Australian bookmaker, Tom Waterhouse, has defended its in-play betting features despite suggestions by some politicians that they may be illegal. In particular, earlier this month, Social Services Minister Scott Morrison described services such as in-play betting as being illegal in Australia and the matter has now been referred for investigation.
Tom Waterhouse Defends its New In-Play Betting Feature
Australian bookmaker in-play betting has come under fire with two major brands, William Hill and Bet365, bearing the brunt of the criticism over this feature. Both companies claim that the service they offer is telephone betting via smartphone and laptop and that this service is legal.
In August 2013, William Hill acquired Tom Waterhouse and the Australian bookmaker has now chosen to follow in the steps of William Hill and launch its own in-play betting service.
The regulator of the Australian Media and Communications Authority (AMCA) has taken the matter further and referred it to the Australian Federal Police (AFP) Interpol for investigation. They will determine whether this feature is illegal according to the current Interactive Gambling Act which restricts in-play betting to wagers placed during telephone calls.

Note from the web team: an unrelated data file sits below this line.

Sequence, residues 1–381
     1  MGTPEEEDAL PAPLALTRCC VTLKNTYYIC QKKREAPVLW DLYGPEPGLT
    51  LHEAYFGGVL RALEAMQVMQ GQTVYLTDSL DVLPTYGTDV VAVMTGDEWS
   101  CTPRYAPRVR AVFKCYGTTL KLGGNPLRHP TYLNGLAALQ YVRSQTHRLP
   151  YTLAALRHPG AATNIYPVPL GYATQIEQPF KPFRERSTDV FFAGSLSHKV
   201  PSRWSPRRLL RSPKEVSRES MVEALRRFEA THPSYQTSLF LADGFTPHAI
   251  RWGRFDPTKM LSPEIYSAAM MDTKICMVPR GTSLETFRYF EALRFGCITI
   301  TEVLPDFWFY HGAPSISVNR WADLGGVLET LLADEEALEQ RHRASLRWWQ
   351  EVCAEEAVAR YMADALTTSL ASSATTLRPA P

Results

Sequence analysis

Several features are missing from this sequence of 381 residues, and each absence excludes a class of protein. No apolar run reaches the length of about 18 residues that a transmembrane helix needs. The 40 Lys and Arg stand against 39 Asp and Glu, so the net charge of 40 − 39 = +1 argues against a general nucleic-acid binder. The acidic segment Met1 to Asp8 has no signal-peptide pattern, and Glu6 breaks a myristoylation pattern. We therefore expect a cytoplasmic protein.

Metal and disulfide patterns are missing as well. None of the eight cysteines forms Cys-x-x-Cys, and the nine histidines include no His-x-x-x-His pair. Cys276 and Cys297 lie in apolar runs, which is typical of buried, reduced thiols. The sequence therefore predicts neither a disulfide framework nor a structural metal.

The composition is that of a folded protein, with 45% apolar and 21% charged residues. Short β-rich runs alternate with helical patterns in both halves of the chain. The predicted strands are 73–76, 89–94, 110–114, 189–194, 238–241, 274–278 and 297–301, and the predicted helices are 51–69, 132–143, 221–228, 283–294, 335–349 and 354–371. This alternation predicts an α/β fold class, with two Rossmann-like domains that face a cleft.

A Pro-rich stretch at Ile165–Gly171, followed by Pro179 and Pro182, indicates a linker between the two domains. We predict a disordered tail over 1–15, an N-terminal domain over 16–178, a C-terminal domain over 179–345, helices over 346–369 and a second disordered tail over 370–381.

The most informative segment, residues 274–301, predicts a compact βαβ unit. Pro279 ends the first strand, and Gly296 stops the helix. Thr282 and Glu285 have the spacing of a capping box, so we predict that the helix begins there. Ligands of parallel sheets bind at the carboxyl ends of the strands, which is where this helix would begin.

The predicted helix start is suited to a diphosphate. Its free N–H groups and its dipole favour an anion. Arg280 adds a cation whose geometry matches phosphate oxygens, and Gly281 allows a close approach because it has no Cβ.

The William Hill in-play betting uses an online program to technically make a phone call, but allows punters to place the actual bet with the click of a mouse or tap of the smartphone.
Television Advertising on Hold
An online-only advertisement was released last Wednesday to announce the launch of the new service; however television advertising will remain on hold until the investigation has been completed.
Tom Waterhouse, company founder and head of William Hill's Australian operations has defended the service and announced his certainty that it is legal, even in the face of risking heavy fines.
He went as far as to say, "We're 100% confident that the product is legal," and suggested that there must have been a complaint about the product in terms of it legality.
"In terms of the television stations we came to the agreement we will wait to show in-play betting ads until the AFP has come back on it," said Waterhouse.
At the same time he warned of the risk of Australian punters moving to using illegal offshore bookmakers if restrictions are placed on in-play betting services in Australia.